%local {

     %import {


     %export {
which contain any C/C++ declarations (types, variables, macros, and so on) used in sections. The local C/C++ declarations are inserted at the begin of generated implementation file (see code selector description interface) but after include-directive of interface file. C/C++ declarations which start with `%import' are inserted at the begin of generated interface file. For example, such C/C++ code may redefine some internal definitions, e.g. macro defining type of attributes. C/C++ declarations which start with `%export' are inserted at the end of generated interface file. For example, such C/C++ code may contain definitions of of external variables and functions which refer to definitions generated by NONA. All C/C++ declarations are placed in the same order as in the section of declarations.

2.3 Rules

The section of declarations is followed by section of rules . A rule is described the following construction

     nonterminal : pattern cost %if constraint action
The rule connects tree pattern with nonterminal. Several tree patterns can be connected to a nonterminal. Nonterminal is given by its identifier. The rest constructions cost, constraint with keyword `%if', and actions are optional. Cost is a integer expression on C/C++ in brackets `[' and `]'. If the cost is omited in the rule, then its value is believed to be zero. The cost value has to be non-negative. Constraint which is given as a boolean expression on C/C++ in brackets `[' and `]' defines a condition of the tree pattern usage. In the case of absent constraint its value is believed to be nonzero. The tree pattern will be never in a minimal cost cover if constraint value is equal to zero during testing the tree pattern as a candidate on inclusion into minimal cost cover. For example, the following rule with constraint describes Am29k instruction CONST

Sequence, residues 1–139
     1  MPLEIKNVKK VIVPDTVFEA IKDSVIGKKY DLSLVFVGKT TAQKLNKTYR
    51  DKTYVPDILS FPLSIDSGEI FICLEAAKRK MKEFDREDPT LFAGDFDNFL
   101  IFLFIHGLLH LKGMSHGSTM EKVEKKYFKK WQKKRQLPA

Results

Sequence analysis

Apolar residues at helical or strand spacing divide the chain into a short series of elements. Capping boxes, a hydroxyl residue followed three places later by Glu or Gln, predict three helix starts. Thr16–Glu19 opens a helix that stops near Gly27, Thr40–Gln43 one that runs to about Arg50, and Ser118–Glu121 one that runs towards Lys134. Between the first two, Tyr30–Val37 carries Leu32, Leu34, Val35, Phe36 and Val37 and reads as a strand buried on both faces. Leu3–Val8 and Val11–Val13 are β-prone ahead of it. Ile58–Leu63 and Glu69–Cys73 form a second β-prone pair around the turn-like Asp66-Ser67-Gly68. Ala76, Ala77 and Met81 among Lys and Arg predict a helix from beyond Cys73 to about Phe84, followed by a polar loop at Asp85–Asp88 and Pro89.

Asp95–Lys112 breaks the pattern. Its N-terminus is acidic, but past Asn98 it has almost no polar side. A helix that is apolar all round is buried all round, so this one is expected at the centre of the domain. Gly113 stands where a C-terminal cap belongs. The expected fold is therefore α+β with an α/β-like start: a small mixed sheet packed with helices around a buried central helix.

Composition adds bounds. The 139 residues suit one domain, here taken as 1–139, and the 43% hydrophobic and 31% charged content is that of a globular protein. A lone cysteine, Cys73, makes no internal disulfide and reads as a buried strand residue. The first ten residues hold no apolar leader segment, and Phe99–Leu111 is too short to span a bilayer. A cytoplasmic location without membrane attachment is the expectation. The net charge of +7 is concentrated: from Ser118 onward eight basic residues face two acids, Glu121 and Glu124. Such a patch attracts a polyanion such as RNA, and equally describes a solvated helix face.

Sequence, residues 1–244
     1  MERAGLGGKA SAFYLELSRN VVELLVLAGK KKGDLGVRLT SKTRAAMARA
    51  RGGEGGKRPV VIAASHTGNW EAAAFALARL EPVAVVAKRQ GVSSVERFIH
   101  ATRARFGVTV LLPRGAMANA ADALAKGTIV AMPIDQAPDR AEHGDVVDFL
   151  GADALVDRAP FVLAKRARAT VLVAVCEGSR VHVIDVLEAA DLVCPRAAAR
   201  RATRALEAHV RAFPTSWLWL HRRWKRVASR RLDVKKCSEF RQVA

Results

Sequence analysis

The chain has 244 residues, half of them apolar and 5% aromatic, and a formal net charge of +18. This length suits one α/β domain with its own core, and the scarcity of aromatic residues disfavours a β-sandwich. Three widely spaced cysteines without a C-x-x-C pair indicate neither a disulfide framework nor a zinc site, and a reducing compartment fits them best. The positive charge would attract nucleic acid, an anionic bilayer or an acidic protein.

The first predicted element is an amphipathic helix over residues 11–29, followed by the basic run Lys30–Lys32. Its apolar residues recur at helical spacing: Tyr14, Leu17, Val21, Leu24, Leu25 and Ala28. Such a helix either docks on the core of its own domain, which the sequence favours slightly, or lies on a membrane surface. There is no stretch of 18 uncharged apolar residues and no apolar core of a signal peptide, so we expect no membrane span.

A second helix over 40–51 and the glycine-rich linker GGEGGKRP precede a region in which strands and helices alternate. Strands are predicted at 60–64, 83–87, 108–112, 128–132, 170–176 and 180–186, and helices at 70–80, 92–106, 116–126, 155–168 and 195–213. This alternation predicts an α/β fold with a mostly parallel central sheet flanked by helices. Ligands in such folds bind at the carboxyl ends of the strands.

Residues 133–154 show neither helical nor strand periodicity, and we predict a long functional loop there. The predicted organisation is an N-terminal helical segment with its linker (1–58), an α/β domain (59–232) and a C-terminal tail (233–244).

register : integer_constant [1]
                %if [IR_value ($1) >=0 && IR_value ($1) < 256]
The actions can contain any statements on C/C++ in figure brackets `{' and `}'. Constructions `$$' and `$n' (n is a integer number here) denote attributes of correspondingly nonterminal before `:' and terminal or nonterminal in the pattern with order number equal to `n'. The order numbers start with 1. These constructions may be present in the cost, the constraint and the action. But it should be remembered that definition of the moment of the cost and the constraint evaluation is quite difficult. Moreover there is not guaranty that given cost and constraint will be evaluated. Therefore side effects should be not in the cost and in the constraint, and usage attributes of nonterminals should be not in the cost and in the constraint. The cost and the constraint may be fulfilled on the first bottom up pass. It is known only that the cost is fulfilled after evaluation of constraint give nonzero result. The action of the tree pattern which is a part of result minimal cost cover is fulfilled on the second bottom up pass. Tree pattern is given by one of the following forms:
     TERMINAL ( PATTERN , ...)
For example, the following pattern describes Am29050 instruction DMSM
     double_addition (twin, double_multiplication (twin,
It should be remembered that each terminal must have fixed arity in all patterns. It means that usage of the following patterns in a code selector description will be erroneous.
     integer_addition (register, register)
     integer_addition (register)
Full YACC syntax of internal representation description language is placed in Appendix 1.